All that being said, frankly with most of my work my clients just need a “fit-for-purpose” solution. Respondent-driven sampling might just be that even if it doesn’t approach a probability sample in real life as well as in theory. Look out for my colleague Kristin Cavallaro at AAPOR conference in Boston next month to see how this type of sampling compares to traditional opt-in panel sampling. When you have budget, but you want to make intelligent solutions sometimes “good enough for government work” – or in this case maybe “good enough for non-government work” – is all you need.
written by Ati Sinaga
The world has witnessed India pioneering the outsourcing business a few decades ago and this business is now a significant source of foreign income to the country. Part of the success is due to the IT skills of local talent that makes people expect that India would easily tap into the internet business. But it was far beyond expectations that only 10% of residents have access to the web world. Why?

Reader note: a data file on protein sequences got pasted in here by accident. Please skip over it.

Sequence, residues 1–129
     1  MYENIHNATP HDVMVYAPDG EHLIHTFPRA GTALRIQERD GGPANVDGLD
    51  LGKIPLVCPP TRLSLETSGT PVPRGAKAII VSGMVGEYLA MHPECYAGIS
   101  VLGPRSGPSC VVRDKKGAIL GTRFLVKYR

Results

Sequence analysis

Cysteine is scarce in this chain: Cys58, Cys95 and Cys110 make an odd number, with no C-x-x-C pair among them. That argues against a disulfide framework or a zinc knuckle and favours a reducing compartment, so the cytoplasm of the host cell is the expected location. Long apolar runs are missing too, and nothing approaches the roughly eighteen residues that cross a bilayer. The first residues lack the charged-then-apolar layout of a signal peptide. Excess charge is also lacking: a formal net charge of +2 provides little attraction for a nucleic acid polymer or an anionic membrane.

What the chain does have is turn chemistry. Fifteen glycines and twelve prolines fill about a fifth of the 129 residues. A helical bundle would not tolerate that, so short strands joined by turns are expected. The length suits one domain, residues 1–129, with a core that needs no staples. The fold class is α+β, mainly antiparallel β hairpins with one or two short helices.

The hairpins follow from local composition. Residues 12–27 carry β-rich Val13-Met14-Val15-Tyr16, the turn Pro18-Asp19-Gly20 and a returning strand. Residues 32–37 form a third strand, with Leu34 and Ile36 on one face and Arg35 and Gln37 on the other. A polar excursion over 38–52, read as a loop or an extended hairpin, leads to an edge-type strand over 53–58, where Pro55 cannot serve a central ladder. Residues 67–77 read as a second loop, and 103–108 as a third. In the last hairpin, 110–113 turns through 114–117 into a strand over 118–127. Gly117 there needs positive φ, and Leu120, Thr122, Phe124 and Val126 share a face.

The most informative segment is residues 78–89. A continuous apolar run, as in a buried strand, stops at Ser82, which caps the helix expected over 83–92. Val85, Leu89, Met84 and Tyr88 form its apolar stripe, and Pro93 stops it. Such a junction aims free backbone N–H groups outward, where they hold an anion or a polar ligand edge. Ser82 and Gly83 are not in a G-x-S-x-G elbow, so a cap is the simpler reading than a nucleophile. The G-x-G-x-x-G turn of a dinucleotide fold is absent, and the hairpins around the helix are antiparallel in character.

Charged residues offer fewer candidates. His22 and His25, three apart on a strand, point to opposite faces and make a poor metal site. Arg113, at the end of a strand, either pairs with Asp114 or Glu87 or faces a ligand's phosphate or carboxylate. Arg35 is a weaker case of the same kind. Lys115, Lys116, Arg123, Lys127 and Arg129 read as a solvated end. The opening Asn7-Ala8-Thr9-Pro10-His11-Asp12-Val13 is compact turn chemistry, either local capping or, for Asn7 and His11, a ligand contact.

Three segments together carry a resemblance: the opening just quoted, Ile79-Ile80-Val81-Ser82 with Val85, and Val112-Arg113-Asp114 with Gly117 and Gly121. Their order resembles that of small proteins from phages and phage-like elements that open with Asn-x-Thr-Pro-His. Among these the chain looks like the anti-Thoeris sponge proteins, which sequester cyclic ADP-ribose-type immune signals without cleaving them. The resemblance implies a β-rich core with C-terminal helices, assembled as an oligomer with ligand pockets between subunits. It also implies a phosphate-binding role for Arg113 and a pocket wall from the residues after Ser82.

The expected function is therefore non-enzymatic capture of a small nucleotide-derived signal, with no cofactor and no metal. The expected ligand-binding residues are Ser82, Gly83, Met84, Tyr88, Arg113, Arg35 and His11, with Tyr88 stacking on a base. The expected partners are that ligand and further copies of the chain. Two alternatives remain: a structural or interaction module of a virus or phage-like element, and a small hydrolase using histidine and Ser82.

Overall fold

A recent article in The Economist suggests that compared to the outsourcing business, the Indian government has a higher involvement in the local internet modulation and it tends to over complicate the regulations. This problem, combined with corruption within telecom regime, says The Economist, ensures the internet industry does not move as fast as expected and it does not seem it will become resolved anytime soon.
So, where is the hope for larger segments of the Indian population to get connected with fast moving communications? Thanks to cheap smartphones and a fast wireless network, people are putting their hopes on mobile internet. Will India have another success story and lead the mobile internet? So long as government and telecoms industry work together and simplify the rules, a bright future is there.
And how would this affect the survey or data collection industry? No doubt mobile surveying is on the rise…
written by Melissa Geathers